Special Needs Trusts are the cornerstone of a solid special needs financial plan.

However, a common oversight by attorneys less familiar with drafting special needs planning estate documents can lead to unnecessary complications and expense for families.  Please watch the video above to learn how to avoid this mistake.

Transcript: Unfortunately, a number of attorneys draft the Special Needs Trust as part of a parent’s individual trust to be the beneficiary of the parent’s trust’s assets. Problems can arise when individuals other than the parent wish to make gifts or leave inheritances to the Special Needs Trust. In many cases, Special Needs Trusts cannot be the recipient of gifts from the other relatives, as they only come into existence when the parent dies. Instead, these trusts should be drafted as stand-alone documents, for two reasons. First, the Trust could then immediately be the recipient of gifts and inheritances from anyone. Second, they provide more privacy, as the government will only be reading the Special Needs Trust and not any of the family’s other estate planning documents.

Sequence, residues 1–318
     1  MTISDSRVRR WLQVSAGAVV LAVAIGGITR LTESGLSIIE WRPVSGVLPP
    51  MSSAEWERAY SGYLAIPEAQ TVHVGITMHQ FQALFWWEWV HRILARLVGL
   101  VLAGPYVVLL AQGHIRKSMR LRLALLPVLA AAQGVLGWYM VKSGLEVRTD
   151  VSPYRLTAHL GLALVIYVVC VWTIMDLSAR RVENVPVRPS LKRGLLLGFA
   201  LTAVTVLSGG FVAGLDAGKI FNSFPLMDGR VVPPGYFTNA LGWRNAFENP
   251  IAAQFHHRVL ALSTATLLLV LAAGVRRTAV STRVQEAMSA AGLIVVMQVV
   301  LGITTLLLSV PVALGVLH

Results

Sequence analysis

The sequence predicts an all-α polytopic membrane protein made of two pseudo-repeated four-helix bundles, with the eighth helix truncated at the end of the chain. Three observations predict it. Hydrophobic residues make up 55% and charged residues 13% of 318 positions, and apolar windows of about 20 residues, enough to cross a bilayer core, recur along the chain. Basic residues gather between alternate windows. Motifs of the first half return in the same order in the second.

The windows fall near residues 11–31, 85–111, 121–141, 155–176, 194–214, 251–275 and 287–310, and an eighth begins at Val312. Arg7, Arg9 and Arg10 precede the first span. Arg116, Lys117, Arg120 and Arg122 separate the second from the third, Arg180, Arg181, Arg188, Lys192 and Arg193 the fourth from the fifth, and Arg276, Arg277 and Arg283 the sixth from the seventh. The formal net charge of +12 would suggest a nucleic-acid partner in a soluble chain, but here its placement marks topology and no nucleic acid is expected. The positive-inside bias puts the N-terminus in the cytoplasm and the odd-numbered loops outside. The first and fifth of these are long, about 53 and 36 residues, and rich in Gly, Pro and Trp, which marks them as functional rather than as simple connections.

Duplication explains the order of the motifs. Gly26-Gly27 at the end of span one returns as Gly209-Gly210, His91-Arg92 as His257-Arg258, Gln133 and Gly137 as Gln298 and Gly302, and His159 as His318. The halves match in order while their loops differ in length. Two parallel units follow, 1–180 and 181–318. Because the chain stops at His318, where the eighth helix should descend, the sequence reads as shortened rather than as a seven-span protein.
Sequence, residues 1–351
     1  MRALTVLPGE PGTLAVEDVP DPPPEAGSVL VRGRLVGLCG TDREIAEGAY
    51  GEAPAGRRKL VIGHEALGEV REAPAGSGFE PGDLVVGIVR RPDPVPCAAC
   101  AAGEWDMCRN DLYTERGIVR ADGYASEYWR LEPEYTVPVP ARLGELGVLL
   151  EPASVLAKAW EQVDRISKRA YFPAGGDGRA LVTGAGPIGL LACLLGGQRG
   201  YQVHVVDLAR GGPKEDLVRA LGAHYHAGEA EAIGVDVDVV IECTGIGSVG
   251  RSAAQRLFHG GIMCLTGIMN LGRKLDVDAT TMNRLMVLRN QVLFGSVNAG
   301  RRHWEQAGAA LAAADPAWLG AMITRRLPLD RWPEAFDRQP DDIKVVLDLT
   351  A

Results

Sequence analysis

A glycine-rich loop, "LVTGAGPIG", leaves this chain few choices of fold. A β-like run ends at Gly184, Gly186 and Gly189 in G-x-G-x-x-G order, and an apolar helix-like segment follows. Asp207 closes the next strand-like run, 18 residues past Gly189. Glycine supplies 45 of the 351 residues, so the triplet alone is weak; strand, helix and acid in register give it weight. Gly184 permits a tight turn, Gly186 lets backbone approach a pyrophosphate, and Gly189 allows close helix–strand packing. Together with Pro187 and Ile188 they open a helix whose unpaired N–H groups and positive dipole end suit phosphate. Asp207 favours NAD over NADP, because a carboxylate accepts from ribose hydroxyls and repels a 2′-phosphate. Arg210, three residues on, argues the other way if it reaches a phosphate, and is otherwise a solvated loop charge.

To find out more about Special Needs Trusts as stand alone documents, speak with us today. Contact Oak Wealth Advisors – Phone: 847-945-8888

Talk to Oak Wealth Advisors about your options and learn more about this and other Special Needs recommendations and resources – visit: Special Needs Services and Resources

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